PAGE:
aka: How To Blog Without Destroying Relationships and Being Excommunicated

Boom-goes-the-dynamitephoto © 2008 Aaron & Alli Merrell | more info (via: Wylio)

It was bound to happen. You can’t do anything for five years and not screw up, and blogs are no exception, especially when you write about faith and family, as I do.

I’ve posted things about my children that they would be embarrassed about – both photos and stories.

I’ve unnerved my husband and church with raw confessions of doubt and open questions about faith.

I’ve criticized or appeared to criticize my parents for their choices raising me (for the record, I love my parents dearly and not only did they do the best they could, but they did well).

I’ve stated personal preferences and choices without grace towards those who make different choices and prefer different things, often while criticizing them for being ungracious towards me (hypocritical much?).

Don’t get me wrong — not all of these are topics that should be off-limits. But many of them are like dynamite, requiring a delicate touch, light steps, and well-thought-out movements. My mistakes are often how I write, not what I write — I have too often thundered through with a bulldozer, uncaring about the explosions I’ve set off.

Those mistakes haven’t been total disasters. The process of making things right has sparked very fruitful conversations which enabled me to better understand the people in my life and helped them better understand me. It has also helped me grow in grace and mercy. There’s something deepening and strengthening about going to someone you’ve hurt, asking for forgiveness, and being forgiven.

But I would prefer we come to better understanding of one another without harsh words, hurt feelings, and painful confrontations.

So I’ve been working on some questions to ask of my posts before publishing them to my blog. I’m not consistent yet. I still sometimes forget to check all of them. When I do, I always hear about it. (I do appreciate the accountability, so thank you to those who have cared enough to call me on something.)

These are the questions I’m asking of posts before I publish:

  • Does my husband know this? Have we talked about it before I wrote this post? Is he ok with everything in it? (He rightly wants to be the first to know, since we’re supposed to be one flesh and all, and sometimes I have posted things that I haven’t shared with him first.)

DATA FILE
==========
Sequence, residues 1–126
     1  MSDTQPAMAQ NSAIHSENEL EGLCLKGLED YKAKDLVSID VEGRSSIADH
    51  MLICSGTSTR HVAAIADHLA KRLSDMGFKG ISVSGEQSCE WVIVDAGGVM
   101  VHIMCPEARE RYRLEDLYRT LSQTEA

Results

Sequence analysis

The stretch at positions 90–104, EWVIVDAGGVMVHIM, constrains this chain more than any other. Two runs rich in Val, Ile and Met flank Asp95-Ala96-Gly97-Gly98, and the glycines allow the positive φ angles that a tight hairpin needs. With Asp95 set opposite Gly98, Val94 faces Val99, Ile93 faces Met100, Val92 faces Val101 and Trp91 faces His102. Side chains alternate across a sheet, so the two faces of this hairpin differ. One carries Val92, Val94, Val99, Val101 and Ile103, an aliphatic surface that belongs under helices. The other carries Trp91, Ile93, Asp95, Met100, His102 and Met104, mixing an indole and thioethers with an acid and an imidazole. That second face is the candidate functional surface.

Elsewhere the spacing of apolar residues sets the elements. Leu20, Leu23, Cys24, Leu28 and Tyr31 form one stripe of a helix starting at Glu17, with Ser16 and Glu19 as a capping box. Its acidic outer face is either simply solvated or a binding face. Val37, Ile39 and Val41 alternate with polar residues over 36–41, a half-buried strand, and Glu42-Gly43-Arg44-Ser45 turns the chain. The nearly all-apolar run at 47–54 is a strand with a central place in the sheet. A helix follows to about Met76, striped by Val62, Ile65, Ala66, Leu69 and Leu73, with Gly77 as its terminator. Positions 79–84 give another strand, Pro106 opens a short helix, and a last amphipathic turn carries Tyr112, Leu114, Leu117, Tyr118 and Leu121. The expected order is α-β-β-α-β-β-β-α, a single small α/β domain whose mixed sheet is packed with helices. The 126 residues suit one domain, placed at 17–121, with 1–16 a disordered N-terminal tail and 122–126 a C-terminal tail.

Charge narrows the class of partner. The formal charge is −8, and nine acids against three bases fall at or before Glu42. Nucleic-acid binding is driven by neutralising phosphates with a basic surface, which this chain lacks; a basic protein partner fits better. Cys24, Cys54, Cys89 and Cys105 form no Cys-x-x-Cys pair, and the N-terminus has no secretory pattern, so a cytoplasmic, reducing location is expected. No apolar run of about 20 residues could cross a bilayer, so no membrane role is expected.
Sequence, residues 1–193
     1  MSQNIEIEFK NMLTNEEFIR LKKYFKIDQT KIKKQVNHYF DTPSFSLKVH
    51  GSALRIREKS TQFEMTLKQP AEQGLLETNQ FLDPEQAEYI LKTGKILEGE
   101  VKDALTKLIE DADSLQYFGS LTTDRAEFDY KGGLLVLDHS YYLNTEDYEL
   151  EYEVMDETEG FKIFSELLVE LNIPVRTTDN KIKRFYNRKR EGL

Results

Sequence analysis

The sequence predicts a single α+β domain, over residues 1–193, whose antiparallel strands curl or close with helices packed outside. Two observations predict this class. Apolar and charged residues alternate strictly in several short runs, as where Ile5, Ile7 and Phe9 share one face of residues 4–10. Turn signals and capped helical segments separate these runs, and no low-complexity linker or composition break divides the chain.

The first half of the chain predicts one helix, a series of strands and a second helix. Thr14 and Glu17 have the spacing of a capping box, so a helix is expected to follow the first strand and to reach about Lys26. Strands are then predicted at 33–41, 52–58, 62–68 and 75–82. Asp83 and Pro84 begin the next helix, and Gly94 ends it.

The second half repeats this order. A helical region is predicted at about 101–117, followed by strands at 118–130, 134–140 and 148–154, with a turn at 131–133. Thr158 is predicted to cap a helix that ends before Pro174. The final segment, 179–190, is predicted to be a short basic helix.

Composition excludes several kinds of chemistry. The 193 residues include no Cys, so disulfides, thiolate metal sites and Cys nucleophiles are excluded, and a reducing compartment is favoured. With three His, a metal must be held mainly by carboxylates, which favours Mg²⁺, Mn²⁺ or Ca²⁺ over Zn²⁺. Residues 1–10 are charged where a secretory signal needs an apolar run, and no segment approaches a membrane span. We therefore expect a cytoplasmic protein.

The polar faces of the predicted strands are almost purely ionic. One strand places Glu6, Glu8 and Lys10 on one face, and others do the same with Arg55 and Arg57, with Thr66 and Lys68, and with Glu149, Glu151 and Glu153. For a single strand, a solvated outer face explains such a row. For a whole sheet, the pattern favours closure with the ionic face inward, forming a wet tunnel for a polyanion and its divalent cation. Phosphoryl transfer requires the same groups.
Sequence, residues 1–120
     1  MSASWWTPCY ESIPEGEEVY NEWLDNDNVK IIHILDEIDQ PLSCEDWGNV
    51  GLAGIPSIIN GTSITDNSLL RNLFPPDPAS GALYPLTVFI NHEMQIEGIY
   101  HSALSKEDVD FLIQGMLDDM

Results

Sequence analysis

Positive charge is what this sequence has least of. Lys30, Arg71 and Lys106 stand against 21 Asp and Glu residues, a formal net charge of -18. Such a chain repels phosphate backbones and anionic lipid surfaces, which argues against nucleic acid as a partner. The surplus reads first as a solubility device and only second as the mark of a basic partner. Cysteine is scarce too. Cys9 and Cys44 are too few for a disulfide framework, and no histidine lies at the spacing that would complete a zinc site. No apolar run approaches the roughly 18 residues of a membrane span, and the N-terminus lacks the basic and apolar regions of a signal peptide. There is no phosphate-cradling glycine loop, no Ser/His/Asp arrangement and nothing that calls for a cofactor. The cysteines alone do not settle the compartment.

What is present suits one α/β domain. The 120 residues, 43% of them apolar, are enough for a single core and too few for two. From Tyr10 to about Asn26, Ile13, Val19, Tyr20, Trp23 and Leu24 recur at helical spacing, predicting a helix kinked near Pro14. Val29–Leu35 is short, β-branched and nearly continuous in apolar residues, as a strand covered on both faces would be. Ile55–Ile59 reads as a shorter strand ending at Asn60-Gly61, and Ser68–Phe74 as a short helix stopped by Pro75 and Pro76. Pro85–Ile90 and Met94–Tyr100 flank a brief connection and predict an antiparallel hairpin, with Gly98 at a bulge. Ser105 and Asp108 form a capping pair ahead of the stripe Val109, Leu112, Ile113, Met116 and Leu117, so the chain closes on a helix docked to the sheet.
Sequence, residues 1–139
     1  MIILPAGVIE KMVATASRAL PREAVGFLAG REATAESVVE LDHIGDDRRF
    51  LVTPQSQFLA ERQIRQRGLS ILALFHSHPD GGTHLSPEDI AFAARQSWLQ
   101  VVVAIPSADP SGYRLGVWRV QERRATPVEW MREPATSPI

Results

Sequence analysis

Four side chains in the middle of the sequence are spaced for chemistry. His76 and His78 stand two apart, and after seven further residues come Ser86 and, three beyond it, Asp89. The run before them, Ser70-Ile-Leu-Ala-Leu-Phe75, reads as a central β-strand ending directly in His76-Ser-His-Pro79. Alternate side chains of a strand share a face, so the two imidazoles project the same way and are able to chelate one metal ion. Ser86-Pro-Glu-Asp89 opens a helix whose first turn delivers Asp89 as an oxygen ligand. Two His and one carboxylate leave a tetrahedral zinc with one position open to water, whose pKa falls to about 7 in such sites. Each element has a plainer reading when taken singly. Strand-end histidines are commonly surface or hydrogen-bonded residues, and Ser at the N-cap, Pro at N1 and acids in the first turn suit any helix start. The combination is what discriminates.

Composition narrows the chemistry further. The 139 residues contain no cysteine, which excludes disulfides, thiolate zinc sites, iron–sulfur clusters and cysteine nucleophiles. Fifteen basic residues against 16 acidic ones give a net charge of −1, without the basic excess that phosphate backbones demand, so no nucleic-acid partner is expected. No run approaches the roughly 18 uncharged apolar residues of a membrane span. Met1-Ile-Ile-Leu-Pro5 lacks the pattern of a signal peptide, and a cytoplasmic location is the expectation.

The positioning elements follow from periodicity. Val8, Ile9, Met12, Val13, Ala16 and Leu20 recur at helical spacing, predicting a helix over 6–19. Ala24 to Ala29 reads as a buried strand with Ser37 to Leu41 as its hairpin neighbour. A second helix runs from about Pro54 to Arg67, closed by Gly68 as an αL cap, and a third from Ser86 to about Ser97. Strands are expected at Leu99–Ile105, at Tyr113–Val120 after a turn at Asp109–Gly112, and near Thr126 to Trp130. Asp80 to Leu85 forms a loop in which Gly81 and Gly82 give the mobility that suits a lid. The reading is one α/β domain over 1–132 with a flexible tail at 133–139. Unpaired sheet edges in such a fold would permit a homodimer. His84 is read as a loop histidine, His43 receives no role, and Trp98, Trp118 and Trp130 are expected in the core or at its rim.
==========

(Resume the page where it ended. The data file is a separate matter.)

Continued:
• If I name anyone else, do they know? Are they ok with it? (It’s only fair to run something by them before posting. It gives them a heads-up and gives me a chance to reword and edit so that we’re both comfortable with what is going out.)
  • How would I feel if my husband or children wrote something like this and shared it publicly? (Is this my story to tell, or someone else’s? Is it embarrassing? Could it come back to bite me or someone else later?)
  • How would I feel if my parents or in-laws wrote something like this and shared it publicly? (Am I gracious in the way I identify things that I perceive to be mistakes? Do I take responsibility for my own choices or do I try to blame-shift?)
  • Would I be comfortable reading this post verbatim in a small group at church? If not, why not? (The problem may not be the post itself, but an unresolved issue. However, blog posts can be a passive-aggressive [cowardly] way to deal with an issue that would be better handled in person.)
  • Is this something I know people will disagree with? Am I ready to respond with grace? If not, I need to wait and think it through more carefully.
  • Am I angry? (Don’t blog angry. Take some time to cool down and get your thoughts in order. Angry posts are often much too harsh or are a jumble of disorganized, albeit passionate, ideas.)

What do you think? What, if anything, should be off-limits for blogs? What should be treated as carefully as one would handle dynamite? What questions do you ask about your posts before you publish? What questions do you think people should ask themselves before they publish?

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